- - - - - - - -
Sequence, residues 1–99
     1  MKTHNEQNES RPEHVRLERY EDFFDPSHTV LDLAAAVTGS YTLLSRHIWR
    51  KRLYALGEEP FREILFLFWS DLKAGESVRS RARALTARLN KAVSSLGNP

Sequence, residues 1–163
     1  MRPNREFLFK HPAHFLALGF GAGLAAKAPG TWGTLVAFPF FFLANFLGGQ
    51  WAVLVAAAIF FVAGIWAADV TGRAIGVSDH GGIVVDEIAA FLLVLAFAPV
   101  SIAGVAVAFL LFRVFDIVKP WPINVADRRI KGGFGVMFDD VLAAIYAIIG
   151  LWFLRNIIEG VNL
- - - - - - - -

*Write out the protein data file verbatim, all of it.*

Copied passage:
Sequence, residues 1–99
     1  MKTHNEQNES RPEHVRLERY EDFFDPSHTV LDLAAAVTGS YTLLSRHIWR
    51  KRLYALGEEP FREILFLFWS DLKAGESVRS RARALTARLN KAVSSLGNP

Sequence, residues 1–163
     1  MRPNREFLFK HPAHFLALGF GAGLAAKAPG TWGTLVAFPF FFLANFLGGQ
    51  WAVLVAAAIF FVAGIWAADV TGRAIGVSDH GGIVVDEIAA FLLVLAFAPV
   101  SIAGVAVAFL LFRVFDIVKP WPINVADRRI KGGFGVMFDD VLAAIYAIIG
   151  LWFLRNIIEG VNL